So much for TV's same old, same old.
The nominations for the 54th Annual Primetime Emmys signaled a significant shift in the landscape of television's most honored series and performers, with perennial favorites like ER, The Practice, The X-Files and NYPD Blue (the latter ineligible due to a lack of new episodes) losing steam among Academy of Television Arts & Sciences voters in favor of up-and-coming shows like Six Feet Under, Alias, 24 and CSI: Crime Scene Investigation.
Nobody better signified the Emmy voters' changing tastes than Will & Grace star and this morning's nomination announcer Eric McCormack. After ER actress Laura Innes read off a list of names in the lead actor in a comedy category that did not include his own, he executed a perfectly timed, Jack Benny-esque slow look over his shoulder to assure he had heard correctly.
"It's just as well," the Emmy winner--and impending father-to-be--sighed. "You know how hard it is to get a sitter." The nonplussed star nevertheless beamed when his show and co-stars Debra Messing, Sean Hayes and Megan Mullally each received nominations.
McCormack played his shut-out for laughs, but a dramatic shift in preferences marked this year's nominations. Still, despite having no new episodes of The Sopranos to submit, HBO again emerged as the network with the most nominations, an astounding 93 nods. Six Feet Under delivered the most of any series this year with 23, and the pay cable net also scored nods for its enduring Sex and the City (ten), newcomer Curb Your Enthusiasm, miniseries Band of Brothers and several of its pay cable movies.
The new crop of freshman faves include Alias (nine noms, including acting accolades for Jennifer Garner and Victor Garber), 24 (ten, including nods for best drama and lead actor Kiefer Sutherland) and comedian Bernie Mac, who got his first nomination in the lead actor in a comedy series for the initial season of his eponymous Fox sitcom. Michael Chiklis, star of the scathing new F/X crime drama The Shield, also earned his first kudo as lead actor in drama.
But in spite of near shut-outs in major categories for former Emmy shoo-ins like ER, The Practice, Ally McBeal and Law & Order, at least one principal network had plenty of reasons to be as proud as a peacock. NBC nabbed 89 nominations, bolstered by the still-powerhouse The West Wing (21 nods), Will & Grace (13) and a resurgently popular Friends (11). Indeed, this year marked the strongest showing yet by the latter show's cast members, who for the first time decided to submit themselves in the comedy lead categories rather than the supporting slots.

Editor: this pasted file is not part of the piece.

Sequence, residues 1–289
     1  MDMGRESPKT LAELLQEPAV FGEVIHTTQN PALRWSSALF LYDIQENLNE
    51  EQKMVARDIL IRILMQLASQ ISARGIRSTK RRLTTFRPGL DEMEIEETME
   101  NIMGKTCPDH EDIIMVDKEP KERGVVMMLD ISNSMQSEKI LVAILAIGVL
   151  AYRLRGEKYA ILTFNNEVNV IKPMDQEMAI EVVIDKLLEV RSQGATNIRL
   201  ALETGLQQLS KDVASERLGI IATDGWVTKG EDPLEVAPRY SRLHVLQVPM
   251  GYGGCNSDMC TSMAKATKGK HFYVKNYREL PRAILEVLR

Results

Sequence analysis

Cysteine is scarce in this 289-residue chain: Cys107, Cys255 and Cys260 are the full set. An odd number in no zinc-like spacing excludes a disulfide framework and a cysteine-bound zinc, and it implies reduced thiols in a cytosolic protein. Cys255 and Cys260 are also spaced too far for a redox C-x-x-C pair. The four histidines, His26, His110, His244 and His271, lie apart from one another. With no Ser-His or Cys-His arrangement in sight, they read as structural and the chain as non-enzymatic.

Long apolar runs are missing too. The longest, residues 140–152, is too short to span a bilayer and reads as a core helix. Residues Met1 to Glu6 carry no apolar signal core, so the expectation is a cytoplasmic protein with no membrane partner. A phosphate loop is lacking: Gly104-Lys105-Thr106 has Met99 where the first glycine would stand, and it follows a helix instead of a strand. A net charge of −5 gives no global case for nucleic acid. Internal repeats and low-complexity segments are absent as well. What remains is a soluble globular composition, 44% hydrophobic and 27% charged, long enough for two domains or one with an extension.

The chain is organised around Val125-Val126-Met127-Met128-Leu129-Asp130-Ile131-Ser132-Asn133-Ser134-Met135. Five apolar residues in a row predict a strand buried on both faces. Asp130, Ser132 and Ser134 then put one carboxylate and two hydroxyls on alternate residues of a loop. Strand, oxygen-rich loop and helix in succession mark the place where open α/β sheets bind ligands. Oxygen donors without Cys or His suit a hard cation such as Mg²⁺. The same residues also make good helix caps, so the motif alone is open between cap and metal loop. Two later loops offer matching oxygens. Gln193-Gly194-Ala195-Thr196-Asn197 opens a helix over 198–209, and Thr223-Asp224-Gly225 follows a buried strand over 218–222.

The gambit paid off: buoyed by this season's Rachel-Joey-Ross triangle, Jennifer Aniston and Matt LeBlanc scored nods, though David Schwimmer was edged out by Matthew Perry. Aniston's real-life hubby Brad Pitt even earned a nomination for his guest appearance on the series.
The network's graying show Frasier still snared a very respectable nine nominations, including acting nods for lead Kelsey Grammer and supporting actor David Hyde Pierce, along with guest actors Brian Cox, Adam Arkin and Anthony LaPaglia. The series is only two Emmy wins away from tying the all-time win mark set by The Mary Tyler Moore Show.
It seems that actors looking to make a bid for the winged trophies need only get their agents to wrangle them a role on The West Wing. Not only did previous Emmy winners Martin Sheen and Allison Janney (bumped up this year to the lead actress category) score approval, the Oval Office drama earned supporting nominations for regular cast members Dule Hill, John Spencer, Richard Schiff, Bradley Whitford, Janel Moloney, Stockard Channing and Mary-Louise Parker, as well as for guest actors Ron Silver, Tim Matheson and Mark Harmon.
Whitford and Jane Kaczmarek continue to be the favorite real-life husband-and-wife choice among Emmy voters, with Kaczmarek getting a lead comedy actress nod for her role on Fox's , while her TV hubby Bryan Cranston got his first-ever lead comedy actor nod for the series.
CBS must love Everybody Loves Raymond for turning out one of its strongest performances yet with 11 nominations, and each of the sitcom's lead actors earned a berth in their respective categories, as did guest actress Katherine Helmond. The eye net's sophomore series CSI: Crime Scene Investigation, one of the most-watched shows on TV, garnered six nods, including one for outstanding drama series, yet none of the show's actors were singled out.
"Singled out" sounds like a term the Sex and the City gals would never want to hear, but while Sarah Jessica Parker, Kim Cattrall, Cynthia Nixon and even veteran character actress Frances Sternhagen (who plays Charlotte's blue-blood mother-in-law Bunny) woke up to Emmy nominations, Kristin Davis somehow slipped through the cracks again despite an emotionally weighty season.